Cog Rally puts drivers to the test
September 16, 2003
The idea of driving along a winding, dirt-covered county road makes Mark Cox’s heart skip a beat.
Of course he prefers to drive on those unpaved roads at breakneck speeds behind the wheel of his Mitsubishi Evolution VI, which boasts 300 horsepower.
“Northwestern Colorado is a natural for this type of racing,” Cox said.
The veteran driver brought the Subaru Colorado Cog Rally to Routt County three years ago. This Saturday he expects 30 teams to compete in the event, which will be run on several minimally maintained and seldom-used roads around Steamboat, Hayden and Craig.
Cox said he expects about twice as many cars as last year and many of the teams driving them will be nationally ranked.
In rally racing, each car has a driver and a co-driver. The driver’s job is to keep the car on course, while the co-driver barks out directions to the driver. Teams are given notes that describe the course, but are not allowed to drive on any of the roads 90 days prior to the event.
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The Colorado Cog Rally is part of the Western States Rally Championship. Cox hopes the event can step up to a national level next year. It is scheduled to begin at 9:31 a.m. Saturday in front of the Routt County Courthouse, in downtown Steamboat Springs.
Cox, who organizes the race, will not be allowed to compete in Steamboat.
The teams will complete nine different stages and are not allowed to work on their cars outside of designated areas. They must also drive on public roads — including the first stage from Steamboat to Hayden — where the speed limits and other laws of the road are enforced.
Cox said the event would pay for extra officers to patrol these sections to make sure drivers obey all the designated traffic rules.
However, once the cars reach a special stage, where the course is closed to the public traffic, drivers can put the pedal to the metal in order to complete the stage in the fastest possible time.
The car with the lowest elapsed time for the nine stages wins the event.
Cox said three special areas would be set up for spectators to view the event. The first, Maneotis Meadows, is six miles from Hayden. Cars will arrive there at 11:10 a.m. The second, Breeze Basin, is about 30 miles from Hayden. The cars will be at that stage at 2:15 p.m. The final spectator area, Bull Gulch, is about 19 miles from Hayden. The cars will reach that point at 4:45 p.m. More detailed directions to the viewing points can be found at http://www.coloradocog.com. Click on the box marked spectators at the side.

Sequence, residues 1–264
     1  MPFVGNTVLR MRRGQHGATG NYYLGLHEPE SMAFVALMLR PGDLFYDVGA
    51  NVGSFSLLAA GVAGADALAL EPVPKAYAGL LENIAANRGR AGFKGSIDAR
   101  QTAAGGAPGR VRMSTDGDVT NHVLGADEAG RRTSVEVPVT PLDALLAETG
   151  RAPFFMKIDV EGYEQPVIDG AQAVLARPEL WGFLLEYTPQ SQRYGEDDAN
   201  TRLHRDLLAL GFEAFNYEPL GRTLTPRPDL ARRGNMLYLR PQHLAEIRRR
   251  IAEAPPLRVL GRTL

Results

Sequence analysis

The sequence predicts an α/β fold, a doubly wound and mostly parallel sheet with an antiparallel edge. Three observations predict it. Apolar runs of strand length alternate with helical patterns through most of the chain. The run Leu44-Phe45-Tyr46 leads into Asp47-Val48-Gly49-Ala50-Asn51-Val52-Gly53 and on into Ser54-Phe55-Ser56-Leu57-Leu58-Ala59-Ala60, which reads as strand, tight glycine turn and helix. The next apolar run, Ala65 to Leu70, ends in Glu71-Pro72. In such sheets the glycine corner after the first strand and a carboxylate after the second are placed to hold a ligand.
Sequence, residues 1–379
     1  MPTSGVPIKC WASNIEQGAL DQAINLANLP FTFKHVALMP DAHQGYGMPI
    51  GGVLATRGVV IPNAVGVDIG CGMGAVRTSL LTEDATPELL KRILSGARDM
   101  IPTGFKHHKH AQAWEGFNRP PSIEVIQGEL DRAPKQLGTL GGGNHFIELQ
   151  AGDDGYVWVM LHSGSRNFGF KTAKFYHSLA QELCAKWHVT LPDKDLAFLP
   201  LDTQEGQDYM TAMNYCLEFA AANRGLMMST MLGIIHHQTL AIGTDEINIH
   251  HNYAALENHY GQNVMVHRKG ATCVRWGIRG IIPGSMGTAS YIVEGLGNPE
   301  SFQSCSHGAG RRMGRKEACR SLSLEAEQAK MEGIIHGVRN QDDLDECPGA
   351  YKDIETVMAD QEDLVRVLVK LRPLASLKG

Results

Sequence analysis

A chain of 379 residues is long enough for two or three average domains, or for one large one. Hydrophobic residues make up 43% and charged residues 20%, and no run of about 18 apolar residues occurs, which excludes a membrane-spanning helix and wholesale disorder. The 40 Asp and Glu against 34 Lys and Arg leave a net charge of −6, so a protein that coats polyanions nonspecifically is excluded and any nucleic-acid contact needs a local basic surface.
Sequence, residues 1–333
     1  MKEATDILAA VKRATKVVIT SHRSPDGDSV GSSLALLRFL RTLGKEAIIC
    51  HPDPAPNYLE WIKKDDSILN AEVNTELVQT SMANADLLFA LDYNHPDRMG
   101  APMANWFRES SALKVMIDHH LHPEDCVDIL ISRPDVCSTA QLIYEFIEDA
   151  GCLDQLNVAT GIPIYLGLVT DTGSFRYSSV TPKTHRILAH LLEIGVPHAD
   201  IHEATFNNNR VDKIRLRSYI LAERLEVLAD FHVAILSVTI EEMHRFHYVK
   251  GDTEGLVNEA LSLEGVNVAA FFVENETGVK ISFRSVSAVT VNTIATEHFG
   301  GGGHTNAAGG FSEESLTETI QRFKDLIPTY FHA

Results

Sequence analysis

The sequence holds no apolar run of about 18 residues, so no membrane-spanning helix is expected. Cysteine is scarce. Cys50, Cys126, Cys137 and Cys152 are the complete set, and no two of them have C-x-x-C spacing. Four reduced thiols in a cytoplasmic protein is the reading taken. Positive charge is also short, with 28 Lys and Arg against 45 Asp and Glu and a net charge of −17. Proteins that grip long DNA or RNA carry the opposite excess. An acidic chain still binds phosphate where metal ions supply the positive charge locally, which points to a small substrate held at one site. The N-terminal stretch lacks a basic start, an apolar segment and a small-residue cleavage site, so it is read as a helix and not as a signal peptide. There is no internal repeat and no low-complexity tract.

Last year the team of Ron Nelson and Rick Burtis finished the course in a time of 1 hour, 5 minutes and 38 seconds to win the overall title.
Brian Moody and Erica Lucero followed that team in second at 1:07:30 and Jason Waples and Todd Moberly were third at 1:08:34.
Cars are placed in several divisions based on whether the car is front-wheel or all-wheel drive and its horsepower.
Cox said Steamboat co-driver David Epperson is teaming with Aspen driver Jeff Zwart for the race.
“It’s my first time ever to do a rally race,” Epperson said. I’ve known Jeff (Zwart) since high school, so when I found out they were having a rally here I asked him to come up.”
Epperson said he really isn’t sure what to expect from Saturday’s race, but he is set on giving rally racing a chance.
“I guess I will see how it goes,” Epperson said. “I’m excited, but I’m also pretty nervous at the same time.”
Epperson said it’s a great way to experience racing without having to get behind the wheel. He said he’s sure it will not be his next career, but if things go well he may make racing in the Colorado Cog Rally an annual tradition.
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